Of Rats and Road Rage
By Bill Moore
Posted: 28 Nov 2009
One of the benefits of having a PhD in the family, especially one whose professional focus is the body's immune system, is that she has read innumerable biomedical science research papers: the good, the bad and the really ugly from a scientist's perspective. Now it may come as a surprise to us layman, but not all science is good science. There are many reasons why: the chief culprit being the intense competition within the research community to "publish or perish." Others include inadequate research tools and improper protocols and, yes, lazy scientists.
Worse, while most studies seldom emerge from the milieu of their specific field, some occasionally find their way into the larger world like Amal Kinawy's study Impact of gasoline inhalation on some neurobehavioural characteristics of male rats recently published in BMC Physiology. Wired's online edition picked up the study, as did Discover magazine, which, after identifying numerous other "things about driving to make your blood pressure rise", added a new one: gasoline fumes.
Intrigued, I downloaded the study while my daughter, the PhD studying cancer at Rutger's University, was eating breakfast and preparing to fly back to New Jersey.
"Listen to this, Carissa," I began, reading portions of the abstract to her, asking her to "interpret" it for me. She quickly scanned it...
This paper examines closely and compares the potential hazards of inhalation of two types of gasoline (car fuel). The first type is the commonly use leaded gasoline and the second is the unleaded type enriched with oxygenate additives as lead substituent in order to raise the octane number. The impacts of gasoline exposure on Na+, K+-ATPase, superoxide dismutase (SOD), acetylcholinesterase (AChE), total protein, reduced glutathione (GSH), and lipid peroxidation (TBARS) in the cerebral cortex, and monoamine neurotransmitters dopamine (DA), norepinephrine (NE) and serotonin (5-HT) in the cerebral cortex, hippocampus, cerebellum and hypothalamus were evaluated. The effect of gasoline exposure on the aggressive behaviour tests was also studied."Okay Dad, she's just explaining what she was measuring; sodium, potasium, acetylcholinesterase," the last rolling off her tongue like nickel metal hydride would off mine. "There's some things you need to understand about research papers like this. Before you buy into their findings you need to find out who the researcher is, where and how they conducted their research, where the paper was published." There are respected, peer-reviewed journals like Nature and there are, well, less than reputable ones and you need to know the difference, she explained, adding that publishing scientific papers can be a very lucrative business.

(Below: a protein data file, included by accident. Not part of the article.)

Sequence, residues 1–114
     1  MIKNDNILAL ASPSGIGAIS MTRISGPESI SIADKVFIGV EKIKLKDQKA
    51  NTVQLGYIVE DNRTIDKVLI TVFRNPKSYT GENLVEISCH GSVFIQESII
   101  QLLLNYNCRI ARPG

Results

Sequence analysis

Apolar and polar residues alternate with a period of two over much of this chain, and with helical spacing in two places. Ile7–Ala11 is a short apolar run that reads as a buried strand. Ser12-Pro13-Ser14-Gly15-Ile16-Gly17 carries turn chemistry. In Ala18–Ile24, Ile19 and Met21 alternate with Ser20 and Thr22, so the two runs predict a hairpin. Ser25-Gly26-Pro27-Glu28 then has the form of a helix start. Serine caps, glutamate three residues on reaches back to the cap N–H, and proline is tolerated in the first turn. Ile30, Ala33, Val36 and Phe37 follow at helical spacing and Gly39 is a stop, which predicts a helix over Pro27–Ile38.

As we read more of the paper together, it became clear that there appeared critical gaps in Ms. Kinawy's protocol, at least they didn't appear to be sufficiently explained in the paper. One of the key ones being how was "aggressive behavior" defined? This is a highly subjective determination and every effort needed to be made insure results weren't being tainted by observer bias.
The other critical aspect of the study was what it actually investigated. It did not, as the Discover Magazine "blog" suggested, causes of road rage. That headline would lead you to believe that human aggressiveness during driving is stimulated by the inhalation of automotive exhaust fumes, when in fact Kinaway did not study exhaust fumes, but vaporized leaded and unleaded gasoline fumes. Egypt is in the process of switching from leaded to unleaded gasoline. It is the impact of inhaling vaporized gasoline fumes that she looked at her lab at Cairo University, which are entirely different from combustion aerosols.
While the inhalation of gasoline fumes, both leaded and unleaded varieties, may, in fact, lead to heightened rodent aggression, it's a long leap to say that the five minutes most drivers spend refueling their gas guzzler once a week will stimulate equally aggressive responses by harried motorists. This isn't to say it isn't a contributing factor and a reason to switch to electric drive, but research like Ms. Kinawy's shouldn't be looked to as conclusive evidence and you certainly shouldn't write headlines that misrepresent her findings.
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